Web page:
PIGN encephalopathy: Characterizing the epileptology

Allan Bayat*, Guillem de Valles-Ibáñez, Manuela Pendziwiat, Alexej Knaus, Kerstin Alt, Elisa Biamino, Annette Bley, Sophie Calvert, Patrick Carney, Alfonso Caro-Llopis, Berten Ceulemans, Janice Cousin, Suzanne Davis, Vincent des Portes, Patrick Edery, Eleina England, Carlos Ferreira, Jeremy Freeman, Blanca Gener, Magali GorceDelphine Heron, Michael S. Hildebrand, Aleksandra Jezela-Stanek, Pierre Simon Jouk, Boris Keren, Katja Kloth, Gerhard Kluger, Marius Kuhn, Johannes R. Lemke, Hong Li, Francisco Martinez, Caroline Maxton, Heather C. Mefford, Giuseppe Merla, Hanna Mierzewska, Alison Muir, Sandra Monfort, Joost Nicolai, Jennifer Norman, Gina O'Grady, Barbara Oleksy, Carmen Orellana, Laura Elena Orec, Charlotte Peinhardt, Ewa Pronicka, Monica Rosello, Fernando Santos-Simarro, Eva Maria Christina Schwaibold, Alexander P.A. Stegmann, Constance T Stumpel, Elzbieta Szczepanik, Iwona Terczyńska, Julien Thevenon, Andreas Tzschach, Patrick Van Bogaert, Roberta Vittorini, Sonja Walsh, Sarah Weckhuysen, Barbara Weissman, Lynne Wolfe, Alexandre Reymond, Pasquelena De Nittis, Annapurna Poduri, Heather Olson, Pasquale Striano, Gaetan Lesca, Ingrid E. Scheffer, Rikke S. Møller, Lynette G. Sadleir

*Kontaktforfatter for dette arbejde

Publikation: Bidrag til tidsskriftTidsskriftartikelForskningpeer review

Abstrakt

Objective: Epilepsy is common in patients with PIGN diseases due to biallelic variants; however, limited epilepsy phenotyping data have been reported. We describe the epileptology of PIGN encephalopathy. Methods: We recruited patients with epilepsy due to biallelic PIGN variants and obtained clinical data regarding age at seizure onset/offset and semiology, development, medical history, examination, electroencephalogram, neuroimaging, and treatment. Seizure and epilepsy types were classified. Results: Twenty six patients (13 female) from 26 families were identified, with mean age 7 years (range = 1 month to 21 years; three deceased). Abnormal development at seizure onset was present in 25 of 26. Developmental outcome was most frequently profound (14/26) or severe (11/26). Patients presented with focal motor (12/26), unknown onset motor (5/26), focal impaired awareness (1/26), absence (2/26), myoclonic (2/26), myoclonic–atonic (1/26), and generalized tonic–clonic (2/26) seizures. Twenty of 26 were classified as developmental and epileptic encephalopathy (DEE): 55% (11/20) focal DEE, 30% (6/20) generalized DEE, and 15% (3/20) combined DEE. Six had intellectual disability and epilepsy (ID+E): two generalized and four focal epilepsy. Mean age at seizure onset was 13 months (birth to 10 years), with a lower mean onset in DEE (7 months) compared with ID+E (33 months). Patients with DEE had drug-resistant epilepsy, compared to 4/6 ID+E patients, who were seizure-free. Hyperkinetic movement disorder occurred in 13 of 26 patients. Twenty-seven of 34 variants were novel. Variants were truncating (n = 7), intronic and predicted to affect splicing (n = 7), and missense or inframe indels (n = 20, of which 11 were predicted to affect splicing). Seven variants were recurrent, including p.Leu311Trp in 10 unrelated patients, nine with generalized seizures, accounting for nine of the 11 patients in this cohort with generalized seizures. Significance: PIGN encephalopathy is a complex autosomal recessive disorder associated with a wide spectrum of epilepsy phenotypes, typically with substantial profound to severe developmental impairment.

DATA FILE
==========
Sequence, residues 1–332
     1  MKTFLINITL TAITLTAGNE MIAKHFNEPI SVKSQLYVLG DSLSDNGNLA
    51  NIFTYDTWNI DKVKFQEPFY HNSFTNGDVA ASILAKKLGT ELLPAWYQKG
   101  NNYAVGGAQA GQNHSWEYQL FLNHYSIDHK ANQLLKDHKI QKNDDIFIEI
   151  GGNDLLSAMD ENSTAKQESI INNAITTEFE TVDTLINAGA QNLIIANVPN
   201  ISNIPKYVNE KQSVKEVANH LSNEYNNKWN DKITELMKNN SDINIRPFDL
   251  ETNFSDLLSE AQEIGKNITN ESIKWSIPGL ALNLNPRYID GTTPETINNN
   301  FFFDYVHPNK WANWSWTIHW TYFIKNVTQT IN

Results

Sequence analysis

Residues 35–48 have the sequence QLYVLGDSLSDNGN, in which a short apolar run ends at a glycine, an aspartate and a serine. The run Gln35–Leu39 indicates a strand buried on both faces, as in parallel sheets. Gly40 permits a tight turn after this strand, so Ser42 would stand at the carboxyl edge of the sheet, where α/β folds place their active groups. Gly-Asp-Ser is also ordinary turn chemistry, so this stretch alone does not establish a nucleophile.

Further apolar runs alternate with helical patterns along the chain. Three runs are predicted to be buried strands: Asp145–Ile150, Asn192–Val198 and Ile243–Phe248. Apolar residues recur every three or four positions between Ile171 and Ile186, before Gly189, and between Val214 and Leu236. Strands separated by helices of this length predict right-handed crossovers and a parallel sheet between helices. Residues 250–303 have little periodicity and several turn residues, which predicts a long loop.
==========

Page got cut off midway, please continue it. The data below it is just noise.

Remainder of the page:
OriginalsprogEngelsk
TidsskriftEpilepsia
Vol/bind63
Udgave nummer4
Sider (fra-til)974-991
ISSN0013-9580
DOI
StatusUdgivet - apr. 2022

Bibliografisk note

Funding Information:
We would like to thank the families for participating in this study. We gratefully acknowledge support from the Health Research Council of New Zealand, Cure Kids New Zealand, the Ted and Mollie Car Endowment Trust, the National Health and Medical Research Council of Australia, the Medical Research Future Fund, the Australian Epilepsy Research Fund, the Swiss National Science Foundation, and the National Institutes of Health/National Institute of Neurological Disorders and Stroke.

Publisher Copyright:
© 2022 International League Against Epilepsy.

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